Do you go to the doctor with her? If so, I would suggest you start taping each visit so you can go over the conversation when you get home. I found when I first got the cancer that I would always misinterpret what the doctor told me. Then my son went with me and started to tape our conversations.

Why are they treating her with tamoxifen? Is that the same drug they give breast cancer patients.

Good Luck and God Bless

Sue M

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Guest rocketito

Laurie,

Thank you for the good wishes! I know my aunt will appreciate them greatly; although she does not complain much, I think she feels rather alone with the disease. And I'm going to check out the online second opinion, too--that might be just what's needed.

Sue,

Unfortunately, she lives two states away, so I can't go to her appointments with her. Sure wish I could. My cousin (her daughter) goes with her, and that's a big help; they just aren't always sure what to ask. Taping the appointments is a great idea! I'm going to ask her to do that the next time she goes.

Tamoxifen (and/or a derivative of tamoxifen; I'm not sure) is being used these days with both breast cancer and lung cancer. My sense of it is that it has become available for general use with lung cancer only recently. It used to be available via clinical trial only, but they seem to have had some success with it, so it is more widely available. (I assume with FDA approval.)

I have heard rumors that it will soon be tested as a preventive treatment with people at higher risk of lung cancer; it's been successfully used that way with breast cancer, so they're apparently hoping it will work to prevent lung cancer in high-risk folks.

Thanks for the good wishes and ideas! I really appreciate any help I can marshal for my aunt.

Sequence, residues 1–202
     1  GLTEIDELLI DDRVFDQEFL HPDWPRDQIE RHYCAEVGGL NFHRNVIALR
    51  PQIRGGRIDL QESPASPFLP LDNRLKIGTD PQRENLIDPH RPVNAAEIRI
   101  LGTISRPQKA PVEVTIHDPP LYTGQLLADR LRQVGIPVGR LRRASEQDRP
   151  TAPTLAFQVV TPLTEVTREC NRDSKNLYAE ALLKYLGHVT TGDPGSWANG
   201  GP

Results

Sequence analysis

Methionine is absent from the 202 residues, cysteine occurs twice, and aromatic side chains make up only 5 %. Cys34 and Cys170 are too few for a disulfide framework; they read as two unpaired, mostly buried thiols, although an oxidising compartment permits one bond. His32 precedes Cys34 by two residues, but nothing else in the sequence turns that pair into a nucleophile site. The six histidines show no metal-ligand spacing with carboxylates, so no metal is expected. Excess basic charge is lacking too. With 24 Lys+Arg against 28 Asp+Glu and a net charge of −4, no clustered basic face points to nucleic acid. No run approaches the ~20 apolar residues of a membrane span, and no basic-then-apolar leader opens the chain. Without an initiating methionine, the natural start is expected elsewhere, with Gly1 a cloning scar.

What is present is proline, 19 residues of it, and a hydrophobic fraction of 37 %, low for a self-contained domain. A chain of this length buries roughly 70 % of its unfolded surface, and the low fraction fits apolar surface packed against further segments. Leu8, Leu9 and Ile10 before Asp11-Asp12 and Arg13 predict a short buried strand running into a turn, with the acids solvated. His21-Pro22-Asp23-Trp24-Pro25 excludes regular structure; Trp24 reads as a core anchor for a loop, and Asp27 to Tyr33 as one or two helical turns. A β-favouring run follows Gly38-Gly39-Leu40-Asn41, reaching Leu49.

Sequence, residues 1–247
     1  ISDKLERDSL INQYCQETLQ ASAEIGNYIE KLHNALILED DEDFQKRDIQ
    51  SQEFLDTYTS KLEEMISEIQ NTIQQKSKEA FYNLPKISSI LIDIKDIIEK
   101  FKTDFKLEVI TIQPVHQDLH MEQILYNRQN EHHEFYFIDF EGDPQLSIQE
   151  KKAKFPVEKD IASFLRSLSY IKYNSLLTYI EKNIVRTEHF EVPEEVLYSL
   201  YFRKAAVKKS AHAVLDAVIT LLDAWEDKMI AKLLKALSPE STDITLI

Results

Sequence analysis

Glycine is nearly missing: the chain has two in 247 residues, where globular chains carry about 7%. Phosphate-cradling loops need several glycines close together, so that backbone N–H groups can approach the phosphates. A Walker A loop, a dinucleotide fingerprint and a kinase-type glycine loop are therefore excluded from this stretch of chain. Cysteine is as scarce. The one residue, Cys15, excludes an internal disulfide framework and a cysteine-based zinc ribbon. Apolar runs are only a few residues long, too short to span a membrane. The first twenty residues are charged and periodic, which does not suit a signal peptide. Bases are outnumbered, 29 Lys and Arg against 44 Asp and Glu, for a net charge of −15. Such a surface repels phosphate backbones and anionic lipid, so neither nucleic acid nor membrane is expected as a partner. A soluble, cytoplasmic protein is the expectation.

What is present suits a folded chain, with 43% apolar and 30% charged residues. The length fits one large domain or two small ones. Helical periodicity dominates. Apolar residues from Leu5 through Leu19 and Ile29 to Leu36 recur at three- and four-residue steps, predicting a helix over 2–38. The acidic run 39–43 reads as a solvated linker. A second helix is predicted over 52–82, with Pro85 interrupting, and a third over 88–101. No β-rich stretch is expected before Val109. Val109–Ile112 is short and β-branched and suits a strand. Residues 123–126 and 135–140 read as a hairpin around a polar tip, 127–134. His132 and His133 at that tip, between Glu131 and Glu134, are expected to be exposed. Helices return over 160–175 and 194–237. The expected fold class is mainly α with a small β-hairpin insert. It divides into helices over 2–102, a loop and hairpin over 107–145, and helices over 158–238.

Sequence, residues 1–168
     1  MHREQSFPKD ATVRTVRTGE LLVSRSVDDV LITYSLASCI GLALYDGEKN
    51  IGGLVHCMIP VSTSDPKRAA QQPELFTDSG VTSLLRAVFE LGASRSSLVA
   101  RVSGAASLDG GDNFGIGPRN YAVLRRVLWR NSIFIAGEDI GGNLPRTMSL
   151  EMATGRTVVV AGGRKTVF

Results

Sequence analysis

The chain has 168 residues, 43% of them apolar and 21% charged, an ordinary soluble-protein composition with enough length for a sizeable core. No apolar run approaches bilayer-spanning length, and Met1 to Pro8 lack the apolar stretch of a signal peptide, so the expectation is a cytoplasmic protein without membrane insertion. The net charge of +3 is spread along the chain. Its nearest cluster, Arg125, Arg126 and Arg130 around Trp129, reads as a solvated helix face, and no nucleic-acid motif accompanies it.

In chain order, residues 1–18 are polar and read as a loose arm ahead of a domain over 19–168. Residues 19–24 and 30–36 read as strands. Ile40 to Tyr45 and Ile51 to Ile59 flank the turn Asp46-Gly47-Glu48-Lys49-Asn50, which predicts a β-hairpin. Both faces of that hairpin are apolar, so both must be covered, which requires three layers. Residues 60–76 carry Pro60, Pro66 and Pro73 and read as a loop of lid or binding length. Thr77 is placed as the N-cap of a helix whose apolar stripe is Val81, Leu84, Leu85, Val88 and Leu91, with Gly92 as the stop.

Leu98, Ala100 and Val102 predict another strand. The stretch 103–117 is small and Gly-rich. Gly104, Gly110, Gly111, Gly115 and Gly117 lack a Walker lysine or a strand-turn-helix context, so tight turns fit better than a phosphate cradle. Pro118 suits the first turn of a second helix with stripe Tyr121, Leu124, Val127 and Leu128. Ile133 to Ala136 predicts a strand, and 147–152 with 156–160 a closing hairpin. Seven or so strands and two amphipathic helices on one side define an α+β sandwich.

Take care,

Catherine in Texas

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From one "Katherine" in Texas to another "Catherine" in Texas, welcome to the board! I'm sorry you find yourself here, but these guys are the greatest and my best source of "real" information and support.

All the others had great suggestions. The tape recorder, a medical release form for her dr.'s to sign so that you may be included in every aspect of her care- via telephone-. It's easier to be proactive and supportive if you know everything that is going on.

You said your cousins don't know what to ask, and I have a feeling that doctors tend NOT to divuldge every little detail or upsetting tidbit about a persons' condition that they consider to be terminal.

My dad's Dr. did that. Didn't tell ANY of us that it was suspected that my dad had mets to his lower spine. Although none of his most recent tests show anything, I found out MYSELF about the "suspicious" lesion on lower spine by reading his very first CT report! It's ridiculous, but maybe they're theory is "why upset them even more, they're gonna die anyway."

THAT"s crap. You DO need to know everything, and it will help in getting adequate care, treatments, and give you a better idea of what options will and can be made available for your aunt.

Talk it over with your cousins, if they are not going to be as proactive as you can be, then maybe a medical release and the tape recorder is the way to go. BEST wishes fellow texan, and welcome to our family. Keep us updated as we really do care here and you and your aunt / family will be in our prayers!

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Sometimes PET scans show false positives. 10%-15%

I am not sure if there is a way to confirm the PET scan

NEBRASKA

Kenneth H. Cowan, M.D., Ph.D.

Director

University of Nebraska Medical Center/

Eppley Cancer Center 600 South 42nd Street

Omaha, Nebraska 68198-6805

Tel: 402/559-4238

Fax: 402/559-4652

(Clinical Cancer Center)

Probably the closest NCI designated center

Best of luck